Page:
Londoner Mackay's brilliant collection of stories about life's odd pots should add to her reputation as a brilliant satirist of social behavior. The 11 stories about life's lost souls and losers, scarred by drink, money, power or any number of other follies, capture a wide range of voices, settings and styles within finely tuned tales bearing one commonality: their excellent surprise endings. In the hilarious "Barbarians," Ian and Barbara Donaldson own an eponymous, fabulously successful children's clothing company, which has spawned a mail-order empire as well as a bevy of political, racial and labor issues. The punch line here lies in young Jack Donaldson's innocent rhyme about babies, unaware that both his parents are silently hoping that their extramarital liaisons have not resulted in any additional offspring. In "The Index of Embarrassment," Freddy, a gay man, visits his eccentric and prickly Uncle Bob out of pity and guilt. Bob is the author of The Definitive Index of Embarrassment, an obscure chronicle of all things gross and disgusting. When Bob's neighbor Dennis is discovered dead, the other characters are swamped in grief and contemplate their own mortality. Meanwhile, Uncle Bob's pressing concern is getting his ladder back, lent to the now expired Dennis some weeks earlier. A broad range of charactersDincluding the publishing executive who takes a nightmarish trip to India in search of an author whose next novel will undoubtedly be a bestsellerDtestify to Mackay's remarkable empathy for quirky people trapped in mundane circumstances. (Oct.) FYI: Mackay's 1996 novel, The Orchard on Fire, was shortlisted for the Booker Prize. (c) Copyright PWxyz, LLC. All rights reserved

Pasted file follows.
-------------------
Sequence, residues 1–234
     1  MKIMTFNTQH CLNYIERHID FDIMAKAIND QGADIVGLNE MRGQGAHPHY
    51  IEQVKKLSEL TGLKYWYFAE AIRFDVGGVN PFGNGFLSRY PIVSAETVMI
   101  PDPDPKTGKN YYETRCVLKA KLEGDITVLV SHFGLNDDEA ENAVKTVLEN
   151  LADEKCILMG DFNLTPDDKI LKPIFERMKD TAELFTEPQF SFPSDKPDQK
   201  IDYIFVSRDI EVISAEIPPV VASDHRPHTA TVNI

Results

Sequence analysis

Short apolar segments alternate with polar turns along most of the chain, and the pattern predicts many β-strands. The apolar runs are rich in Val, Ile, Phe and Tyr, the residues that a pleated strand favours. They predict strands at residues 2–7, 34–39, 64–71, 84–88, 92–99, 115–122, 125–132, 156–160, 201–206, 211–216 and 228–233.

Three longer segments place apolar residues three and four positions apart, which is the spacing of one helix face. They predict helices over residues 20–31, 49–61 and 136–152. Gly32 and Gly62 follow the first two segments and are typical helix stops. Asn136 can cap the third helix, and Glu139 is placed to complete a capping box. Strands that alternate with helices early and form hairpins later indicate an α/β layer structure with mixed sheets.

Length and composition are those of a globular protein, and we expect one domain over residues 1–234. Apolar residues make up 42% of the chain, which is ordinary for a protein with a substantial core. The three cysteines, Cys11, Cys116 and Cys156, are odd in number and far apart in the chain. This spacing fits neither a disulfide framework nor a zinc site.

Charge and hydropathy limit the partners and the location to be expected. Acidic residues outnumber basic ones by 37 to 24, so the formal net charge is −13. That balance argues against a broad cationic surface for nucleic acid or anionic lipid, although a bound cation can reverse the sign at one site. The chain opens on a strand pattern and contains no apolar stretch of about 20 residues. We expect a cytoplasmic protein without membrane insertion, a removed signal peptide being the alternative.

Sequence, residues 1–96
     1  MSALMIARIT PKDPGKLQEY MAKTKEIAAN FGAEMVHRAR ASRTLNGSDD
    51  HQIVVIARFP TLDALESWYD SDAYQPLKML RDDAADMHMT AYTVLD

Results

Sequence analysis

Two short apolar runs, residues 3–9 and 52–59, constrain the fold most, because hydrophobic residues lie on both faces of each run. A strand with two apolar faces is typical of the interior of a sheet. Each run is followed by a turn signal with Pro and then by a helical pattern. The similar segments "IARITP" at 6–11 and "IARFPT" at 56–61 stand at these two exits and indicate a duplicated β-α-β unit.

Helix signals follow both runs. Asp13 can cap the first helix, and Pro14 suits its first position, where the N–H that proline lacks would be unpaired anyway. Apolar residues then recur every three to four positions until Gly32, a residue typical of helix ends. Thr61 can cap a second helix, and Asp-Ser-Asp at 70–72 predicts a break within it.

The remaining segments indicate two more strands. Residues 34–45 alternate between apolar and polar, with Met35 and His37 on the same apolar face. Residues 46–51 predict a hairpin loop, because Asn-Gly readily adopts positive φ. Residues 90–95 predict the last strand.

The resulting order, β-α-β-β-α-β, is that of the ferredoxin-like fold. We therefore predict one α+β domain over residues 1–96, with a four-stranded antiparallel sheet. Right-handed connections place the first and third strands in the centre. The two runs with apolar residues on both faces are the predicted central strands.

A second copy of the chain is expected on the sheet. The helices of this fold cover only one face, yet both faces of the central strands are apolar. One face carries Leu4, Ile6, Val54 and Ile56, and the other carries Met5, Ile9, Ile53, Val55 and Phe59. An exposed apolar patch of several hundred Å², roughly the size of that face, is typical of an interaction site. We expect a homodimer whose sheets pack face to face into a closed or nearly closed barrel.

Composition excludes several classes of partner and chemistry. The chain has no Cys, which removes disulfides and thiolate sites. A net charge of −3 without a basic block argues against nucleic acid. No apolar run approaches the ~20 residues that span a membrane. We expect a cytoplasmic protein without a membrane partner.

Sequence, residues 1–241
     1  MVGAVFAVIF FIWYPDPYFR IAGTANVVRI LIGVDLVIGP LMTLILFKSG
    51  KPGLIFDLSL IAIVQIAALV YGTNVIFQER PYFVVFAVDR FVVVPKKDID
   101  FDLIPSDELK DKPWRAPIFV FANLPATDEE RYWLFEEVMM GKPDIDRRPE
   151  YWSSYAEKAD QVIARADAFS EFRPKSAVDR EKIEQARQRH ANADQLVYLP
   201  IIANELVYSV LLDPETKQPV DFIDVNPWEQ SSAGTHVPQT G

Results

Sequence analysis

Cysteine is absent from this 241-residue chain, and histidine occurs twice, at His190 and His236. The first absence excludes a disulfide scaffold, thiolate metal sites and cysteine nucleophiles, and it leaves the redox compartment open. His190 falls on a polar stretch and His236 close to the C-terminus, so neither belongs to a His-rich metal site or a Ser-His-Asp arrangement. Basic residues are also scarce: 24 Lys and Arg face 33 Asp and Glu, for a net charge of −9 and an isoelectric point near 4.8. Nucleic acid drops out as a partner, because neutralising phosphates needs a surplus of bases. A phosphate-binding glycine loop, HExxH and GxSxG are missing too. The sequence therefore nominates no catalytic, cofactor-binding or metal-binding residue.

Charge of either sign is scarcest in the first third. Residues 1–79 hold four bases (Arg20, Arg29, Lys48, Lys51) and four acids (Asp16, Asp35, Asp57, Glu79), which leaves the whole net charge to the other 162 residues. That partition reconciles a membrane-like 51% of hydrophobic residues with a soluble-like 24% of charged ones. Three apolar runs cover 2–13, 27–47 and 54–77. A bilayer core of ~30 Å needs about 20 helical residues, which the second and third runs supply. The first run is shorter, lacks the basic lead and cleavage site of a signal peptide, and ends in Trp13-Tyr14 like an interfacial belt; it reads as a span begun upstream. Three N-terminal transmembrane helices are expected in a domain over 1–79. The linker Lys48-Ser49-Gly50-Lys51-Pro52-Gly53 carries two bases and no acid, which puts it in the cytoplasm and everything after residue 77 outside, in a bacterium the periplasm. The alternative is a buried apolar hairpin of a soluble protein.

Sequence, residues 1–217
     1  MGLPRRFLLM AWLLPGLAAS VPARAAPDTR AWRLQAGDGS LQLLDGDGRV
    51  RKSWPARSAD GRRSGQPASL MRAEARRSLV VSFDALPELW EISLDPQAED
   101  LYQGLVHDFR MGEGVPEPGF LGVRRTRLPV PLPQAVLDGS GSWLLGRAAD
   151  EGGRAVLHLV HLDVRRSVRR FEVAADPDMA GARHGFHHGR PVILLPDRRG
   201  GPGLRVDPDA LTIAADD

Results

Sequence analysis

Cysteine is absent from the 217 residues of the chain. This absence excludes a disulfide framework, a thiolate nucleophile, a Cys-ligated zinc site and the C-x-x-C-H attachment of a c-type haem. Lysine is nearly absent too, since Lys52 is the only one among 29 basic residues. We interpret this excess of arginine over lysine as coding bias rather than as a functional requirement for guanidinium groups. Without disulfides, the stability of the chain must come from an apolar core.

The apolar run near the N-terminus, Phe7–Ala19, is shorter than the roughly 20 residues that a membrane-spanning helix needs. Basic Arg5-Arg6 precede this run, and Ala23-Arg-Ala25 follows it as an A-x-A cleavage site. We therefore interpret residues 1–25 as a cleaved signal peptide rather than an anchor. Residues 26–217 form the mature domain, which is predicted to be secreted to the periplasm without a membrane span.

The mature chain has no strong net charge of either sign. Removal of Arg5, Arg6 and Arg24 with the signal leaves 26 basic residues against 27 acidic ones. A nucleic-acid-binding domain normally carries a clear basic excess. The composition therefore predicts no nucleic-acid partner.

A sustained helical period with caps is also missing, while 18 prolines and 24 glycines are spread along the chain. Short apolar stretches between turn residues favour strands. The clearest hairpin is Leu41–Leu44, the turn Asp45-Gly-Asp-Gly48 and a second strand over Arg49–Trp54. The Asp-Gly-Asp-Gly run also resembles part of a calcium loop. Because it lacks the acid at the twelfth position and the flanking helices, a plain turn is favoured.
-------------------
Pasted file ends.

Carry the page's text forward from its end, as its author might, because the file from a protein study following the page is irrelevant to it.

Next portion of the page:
Chapter One `There's a parcel for you, Fan.'     `It'll be the toad lilies from the Spalding's catalogue,' she replied listlessly.     Teddy put the package addressed to his sister-in-law on the kitchen table, disappointed in his hope that some pleasure or good will might rub off it on to him and redeem his failure in the gift-bearing stakes. He hovered uneasily in the hostility emanating from Fan, aware of an antagonism caused by something more than his arrival the night before, with only two suitcases to show for his twenty years in Hong Kong. One contained his clothes, and the smaller held papers, a few books and socks and the sort of gewgaws you could find in any Chinese supermarket in London.     `Do stop hovering, Teddy. Sit down and I'll make some fresh toast. Tea or coffee? There's some green tea somewhere if you'd prefer. Or jasmine.'     `Coffee, please.'     Teddy sat on a chair too small for him, a fat man in a kingfisher-blue shantung suit. Fan's reaction to the parcel reminded him uncomfortably of a brown envelope and a clip round the ear long ago.     `Daddy! Dad! There's a letter for you.'     It was the raw noon of a motherless, shapeless Saturday. Teddy tugged his father awake from tangled sheets, while his younger brother watched from the doorway, thumb in his mouth. Willie swore, snatching the letter. It turned out to be the final demand for the electricity bill and he ripped it in two, caught Teddy a stinging blow to the head and buried his face in his pillow again. In the light of experience, and Teddy wasn't feeling too good himself this morning, he could see that Willie had a hangover, but the stupid thing was he had known at the time that he was being disingenuous, a sly eleven-year-old who ought to have known better. He had hoped to earn his father's thanks by posing as a well-intentioned if mistaken lad, and he had got what he deserved. After Delia, the boys' mother, had left, the house was always cold, a snivelling cold that made them pull the sleeves of their jumpers over their hands and drag their cuffs across their noses, cold that chapped their lips and hurt their hair when they brushed it. Nothing was ever quite clean. The towels were damp and sticky and didn't dry you properly. Dirty clothes piled up in comers and homework was not done. Women came and went, and now and then the boys were treated to a slap-up meal at Bunjie's, that haunt of hobbits and folkies from time immemorial, but it wasn't the same.     Teddy and Webster Shelmerdine were the children of two musicians, Willie `the Weeper' Shelmerdine and Delia MacFarlane. They grew up in the English jazz and folk revival of the Fifties and early Sixties, and although they had been named after Teddy Wilson and Ben Webster, they were weaned on skiffle and cut their teeth on Trad. Willie played the clarinet and sang, while Delia was primarily a singer who accompanied herself on washboard. She was also a semi-skilled harpist and harmonica player who could break your heart in the Gaelic at a ceilidh and twang out mouth-music when required. Willie and Delia were part of the scene, minor household names along with Pete and Peggy Seeger, Chas McDevitt and Nancy Whiskey, Chris Barber and Ottilie Patterson, partners in the tightly knit world of performers and fans on the jazz and folk circuit of gigs, festivals and clubs. Everybody knew all the gossip, and there was not a dry eye in the Green Man the night Willie bawled out `Delia Gone' for the first time after she had run off with the jew's harp player from the Colin Clark City Stompers. Beryl Bryden, who was topping the bill, enfolded the weeping boys, Teddy and Webster, in the wings of her striped tent-dress like a hen comforting her chicks, but when they got home bleakness drifted like dust; `Delia Gone' remained a crowd-pleaser, though. He comes down our alley and whistles me out. Before I get down there, he knocks me about. Still I love him, I'll forgive him, I'll go with him wherever he goes ... Delia used to sing, before Willie hit her one time too many and she rode that freight train, the 5.15 to Charing Cross, out of his life for ever. `Don't bother with toast, Fan,' Teddy was saying, just as the bread jumped.     `You should have said if you didn't want it. I've made it now.'     `I do want it, thanks. I was just trying to save you the trouble.'     `It's hardly any trouble to bung two bits of bread in a toaster.' Her tone hinted at a hundred toastracks stretching as far back as the eye could see, all stacked with troubles caused by Teddy.     `I guess Web's gone to work. What about the girls?'     `Still in bed. Wasting the day.'     Fan wiped down the Dualit toaster and snapped at the cat as he came warily through his door, trying not to let it flap.     `And where do you think you've been, Mister? Sneaking in with your tail full of burrs, demanding breakfast at all hours.'     The cat, Rastus, attempted to catch Teddy's eye with a blokish wink, but he wasn't having any.     `Selfish little beasts, aren't they? Still, I suppose that's why we love them. The Cat that Walks by Himself and all that. Takes me back, I remember reading it to the kids years ago, last time I was home on leave. They've grown up into beautiful young ladies, Fan. A credit to you. A pair of real stunners, with the brains to match. You must be very proud of them.'     `I am.'     Fan ripped the lid from a tin of cat food, leaving Teddy feeling that he had said the wrong thing again. Of course, this time he was not home on leave, but redundant, an ex-employee of the Pink Panda Stationery Company billeted on Fan for the foreseeable, until he got back on his feet. The summer holidays were almost over for Fan, a school secretary, and the girls, Bethan and Megan. Bethan was camping in Megan's room because bad Uncle Teddy had taken over hers. The spare room, where Teddy had slept nine years ago, was now a study filled with the family's computers and files and Webster's rowing machine. Teddy felt so tired as he replaced the lid on the Marmite and carried his plate and mug to the sink that he longed to crawl back into Bethan's bed, beneath the posters of vapid white boy bands and angry black gangstas, pull the duvet over his head, and sleep for a year. Perhaps for eternity.     `What are your plans for today?' Fan asked. `You can leave those, I'll stick them in the dishwasher.'     Couldn't a man be allowed five minutes' jet lag after flying a quarter of the way round the globe? Did she have to make him feel completely useless by not even letting him wash up a few dishes?     `I -- well, I thought I'd just -- reorientate myself for a day or two -- or re-occidentate myself, perhaps I should say. Put out a few feelers.'     `Like a beetle.'     Fan stared at Teddy in his suit, shot and nubbled with peacock threads.     `I suppose you had that suit made. In Honkers. I always wanted to do that, you know. Go shopping in Hong Kong and choose the material and have something made up just for me, to my own design. Something unique. Oh well, silly of me, I suppose. The paper's there if you want to have a look at it.'     `Thanks.'     Teddy picked up the newspaper obediently as Fan left the kitchen. What was he meant to do, turn straight to the Situations Vacant? How was he to have guessed that Fan had expected to be invited to stay? Perhaps that was what was eating her. Well, the stupid cow had had twenty years in which to suggest it. He wasn't a mind-reader. Just as well, though. Honkers! They would have wanted to eat in fancy restaurants and nightspots, demanded to see the `real' Hong Kong and hoped to be taken to the Jockey Club or the FCC, where there was a waiting list for membership and where Teddy had dined only once as a guest in all the years he had lived there. He certainly wouldn't have wanted to introduce them to his own watering hole, the Hong Kong Skittles Club, a sporting establishment mostly in name, with its sour clientèle of disappointed ex-pats. The Skittles' dullness suited him; he had become accustomed to it, and protective of it, and he shuddered at the thought of Web and Fan fumbling with their chopsticks in its little dining room, before contracting food poisoning, or sitting at the bar in shorts and sandals, Fan sipping some touristy cocktail with a parasol and Web droning on about small-bore cooling systems for automatic hand-dryers and hustling for orders for his light-engineering firm. Even so, Teddy could kick himself for not having brought Fan a dress or a jacket, or even a length of silk. A bad move to present her with that plastic fan last night, whipping it open with a flourish, `A fan for Fan, from your greatest fan.' He winced at the memory, and that obsolete Pink Panda stock, the rulers and rubbers and little notebooks and cute panda stickers, had proved quite unsuitable for two young ladies who had done so spectacularly well in their exams, although they'd liked the miniature cameras with scenes of Hong Kong by night and the fortune cookies, waterflowers and joss sticks, unless they were just being kind or sending him up.     `How sad to think of people spending their lives making these things,' Fan had remarked.     Even if he had brought Fan something to wear, he'd have got the size wrong, knowing his luck, because he couldn't help noticing she'd put on the beef a bit. Fan was fair and slimmish now rather than skinny, and still favoured the droopy English look of faded Aertex blouse, or polo shirt, cotton skirt and cardy. Teddy could never quite decide whether it was sexy or not. It was a world away from the gloss and gilt and sharp edges of the women he was used to. He turned the pages of the Independent abstractedly. Maybe he could pick something up for Fan in Chinatown and pretend he'd had it in his suitcase, although he'd have to be careful; his pitiful pay-off from the Pink Panda Stationery Company wouldn't stretch far. Teddy's only lasting contribution to the firm which had `rationalized' him in preparation for the Chinese take-over was to be found in its name.     `With respect, Mr Tang, a company that designates itself "stationary" is a company that is going nowhere,' he had told the firm's founder at his interview. `No wonder Pink Panda's profits are at a standstill.' Well, he could see it was a tinpot outfit, but gradually they had turned it round and moved the factory into better premises. The trouble was, as young Tangs, sons, daughters, and cousins, grew up and the extended family was brought into the business, Teddy was passed over for promotion time and time again. It was only Mr Tang's residual loyalty that kept him in the office at all, and by the time he left he was an anachronism known simply as `the Gweilo ', a word meaning ghost as well as foreigner; a bad spirit to be exorcised.     Fan's head poked round the door, saying, `If you've got any washing, dump it in the dirty-linen basket in the bathroom. I'll be doing a mixed load later.'     Notes from a flute spiralled down the stairs.     `Who's playing? Not the kids, surely?' said Teddy.     `Oh, the twins have been tootling on their flutes since they were two jampots high.' Fan was dismissive, as though he ought, as an uncle, to have known that.     `Ah well, blood will out,' said Teddy.     Delia's grandfather had been a Nigerian-Scots seaman from Port Glasgow, and her granddaughters Bethan and Megan had taken her pale delicate features and replicated her dark eyes and charcoal cloud of hair in blue and gold. They wore their own hair in cascades of long thin braids, but, as Fan's father had put it at their christening, you would never guess that those two little English rosebuds had a touch of the tarbrush. Unless you had a more educated eye than his. Webster was green-eyed and freckled, while Teddy was white, with disconcertingly opaque eyes like black olives under heavy lids, and their hair, the russet and the black, kinked into wool from unravelled jumpers if it was not kept short.     Teddy was thinking about his nieces. Sixteen years old. It didn't seem possible. So many birthdays he had missed. He couldn't get over how they'd changed, the sheer length of the pale golden legs and thighs in tiny black shorts and the briefest swirl of skirt, the smooth distances of flesh between croptop and navel and waistband, the long, long slender arms flailing from tight-ribbed short sleeves. Even for twins, between them they seemed to have more than their allocation of limbs, and was there really any need for them to be so tall, he wondered. After all, it was not as though they had to reach up to pull the topmost leaves from a drought-stricken tree in order to survive, was it? `How tall they've grown,' he had said on meeting them last night, and reminded them how he had once read The Jumblies to them, one perched on each knee in their pyjamas. And in twenty years they all came back, In twenty years or more, And every one said, `How tall they've grown! ... Except that it was he who had come back after twenty years, minus a couple of short breaks, he who was the Jumbly, or some poor toeless Pobble or wandering luminous-nosed Dong, shuffling home like a disgraced Behemoth. And everyone thought, how fat he's grown. There was an Edward Lear print, of a salmon-crested cockatoo, in the dining room. He had remarked on it during one of the silences which had fallen between the clash of eating implements and the twins' fits of the giggles.     `What's it like in Hong Kong, Uncle Teddy?'     `Well, depends where you mean. There's Hong Kong side and Kowloon side and --'     `Can you speak Chinese, Uncle Teddy? Cantonese and Mandarin?'     `And Satsuma and Clementine? And Grapefruit?'     `That's enough,' said Fan. `Be your age.'     Teddy said, `In Wan Chai, where I live, lived--'     `That's the old Suzy Wong district, isn't it?' put in Webster, with what Fan perceived as a leer.     `That's right. You've got lots of narrow streets and bars and clubs. There's the Pussy Cat and the Hotlips, they're mainly pick-up joints, topless, I believe, and the Wanch, which is a mock pub run by gweilos , foreigners, for gweilos .'     The girls were stuffing napkins into their mouths.     Fan said, `There must be more to it than that. A more salubrious side. It can't all be sleaze.'     She heard the tinkle of temple bells above the traffic's roar in a street teeming with limousines, rickshaws, buffalo-carts and bicycles ridden by people in conical hats under skyscrapers festooned with ideographed banners.     `Oh, of course. There are the artisans' streets where you can buy anything in the world you might want. The street of the coffin-makers for example, the street of the metal-beaters, the street of the tailors, all sorts. And people sitting on chairs on the pavement who do every kind of repair, shoes, rattan furniture, clothes; and old grandmothers selling matches, watchstraps ...'     `Fake Rolexes,' said the twins.     Teddy glanced at his watch, acknowledging his dereliction of avuncular duty.     `The architecture's fascinating, Fan, you'd love it. And it's a very safe city to walk about in.'     `Oh, good.'     `What about the Triads?' Megan asked.     `We've got Triads at our school,' said Bethan.     `Don't be so ridiculous!' Fan lost patience. `As if Miss O'Nions would tolerate such a thing! I don't know why you're showing off like a couple of three-year-olds.'     The twins rolled their eyes heavenwards with pitying sighs.     `So have you got many Chinese friends now or did you mostly hang out with the ex-pats?' said Webster.     `Well, a few. The Chinese don't really like us much. And most of the ex-pats are a pretty dull bunch. The sort of people who knew they would never make it here and imagined they'd be big fish in a small pool, and then became embittered and turned to hard drinking when they weren't.'     Teddy realized that they might think he was describing himself. Fan thought of fish bumping each other in crowded tanks in Chinese takeaways. She burst out harshly, `But they're a cruel people, aren't they, the Chinese? Cruel to each other, and to animals. I mean, look at all those endangered species they grind up for their herbal medicines.'     `They're very fond of birds,' Teddy told her. `Devoted to them. Everywhere you go, in the streets, on buses and the MTR and the ferries, you see people with their pet birds. Little finches mostly.'     `You mean they carry them on their shoulders, or walk them on leads? I suppose they have to, if they've eaten all the dogs.'     `In cages,' said Teddy.     `Mum rests her case,' said Megan.     Bethan said, `Mum, I never knew you were such a racist.' Now, in the bedroom, Fan stared out of the window and remembered the unpleasant evening. The girls had been at their silliest, embarrassingly middle class. Not that she thought they should be working in a sweatshop or topless bar like girls half their age in Hong Kong, but you never knew where you were with them these days; one minute they were clamouring to be allowed to stay at clubs until six o'clock in the morning, the next behaving like spoiled brats. She didn't know what Teddy would think, not that she cared about impressing him. She saw that the Michaelmas daisies, those harbingers of autumn, were in flower and it occurred to her that they always seemed to be out nowadays. Everywhere you looked, people were going on about the melting of the polar ice-cap, and hurtling towards the Millennium, but maybe the Michaelmas daisies only indicated the swift passing of her own years. Whatever, it appeared likely that she would spend her personal fin de siècle , picking up other folks' dirty clothes. No sooner had she shaken the sand of Cyprus from the holiday suitcases, than along came Teddy, the bad penny, the hole in the head, to dump another peck of dirt on her. She had returned from their self-catering villa looking forward to pottering about in a leisurely way before the start of term, and now here was this succubus squatting in her kitchen, expecting to be fed. She wondered if he had found yet the item in the paper which she hoped he would encounter with a shock. A double-take of disbelief. A stab of grief. A pang of guilt.     She watched Rastus shredding the trunk of the lilac tree with his claws. The garden was full of seed-heads, thistledown, parachutes, exploded pods and burnt-out rockets. The green bunches of ash keys were tinged with red and mildewed damsons lay scattered on the grass. It would soon be time to put the bulbs in. `Forever Autumn', she thought, but another song was playing insistently through her head, one she had always hated, about Willie the Weeper who made his living as a chimney sweeper. Well, if Willie Shelmerdine had ever swept his own chimney, that terraced house in Blackheath, so convenient for the Green Man, might be standing now. As might Willie. What a dead loss as a grandfather he had been. And as for that reprobate runaway grandma, Delia Gone, the out trout, now finally departed and good riddance, she had become a romantic figure to the twins, who insisted on claiming their one-sixteenth part of African heritage, apeing the hairstyles and speech of their black classmates and spelling Africa with a k.     Fan sat on the bed, averting her glance from her reflection in the wardrobe door. Trust Teddy to pitch up when sun, salt and sand had frayed her hair to rope, and haloumi and feta and Cypriot wine had taken their toll. The irony was, she had been feeling relaxed and attractive, languorous and at ease with Webster in their late-summer lovemaking, until Teddy had arrived to diminish her. And yet he was no oil painting himself, no spring chicken either. She had been practically at screaming point last night, waiting for a moment alone with him, and had gone bitterly to bed at last, leaving him and Webster chortling over old times with the bottle of duty-free Jack Daniels, and Teddy stubbing out cigarettes in the saucer Webster had provided, one of the few left from their wedding tea service.     And this morning, when they were at last alone, he had just sat there eating toast in that bright blue suit. Enraged as she was by Teddy, Fan despised herself more, because she had to admit that if Teddy had shown by a word or a look or a covert touch of his hand that he desired her still, she would have forgiven him. He was pathetic. All the fat fool had to do was to tell her she hadn't changed a bit, or that she was more beautiful than ever, and he was too dumb to realize it. Of course she was proud of the girls, but to have Teddy Shelmerdine, an adulterer who had slept with his own brother's wife, treat her like some mumsy hausfrau was more than she could bear. It was a sultry day, nine years ago, the grey sky full of static electricity and little grumbles of thunder. The children had been taken to the cinema by the mother of one of their friends. With the passing of time, Fan had managed to put that afternoon out of her mind, but every now and then her conscience, responding to some stimulus, flashed an ugly scene into her mind. In a red desert landscape, two beasts, coarse-haired, four-footed, ungulant, were pawing the dust, raising their snouts to sniff the scent of distant rain, circling and circling a tree, whose uneasy leaves shivered in the dry wind that ruffled a ridge of bristles along their spines. They got closer and closer, tusk to flank, until with a grunt they were coupling blindly in a stinging red sandstorm of tumbleweed and broken cactus spikes, and raindrops as flat and heavy as stones.     But it hadn't really been like that at all, ochreous, ruttish, with nostrils dilating in the sulphurous air, splayed hooves, and curved tusks gripping her back, the afternoon that two palish mammals had sheltered from the storm in the spareroom bed. Teddy had been tender and sweet; Fan had cried, and for a while imagined that she had married the wrong brother. (Continues...) Copyright © 2000 Shena Mackay. All rights reserved.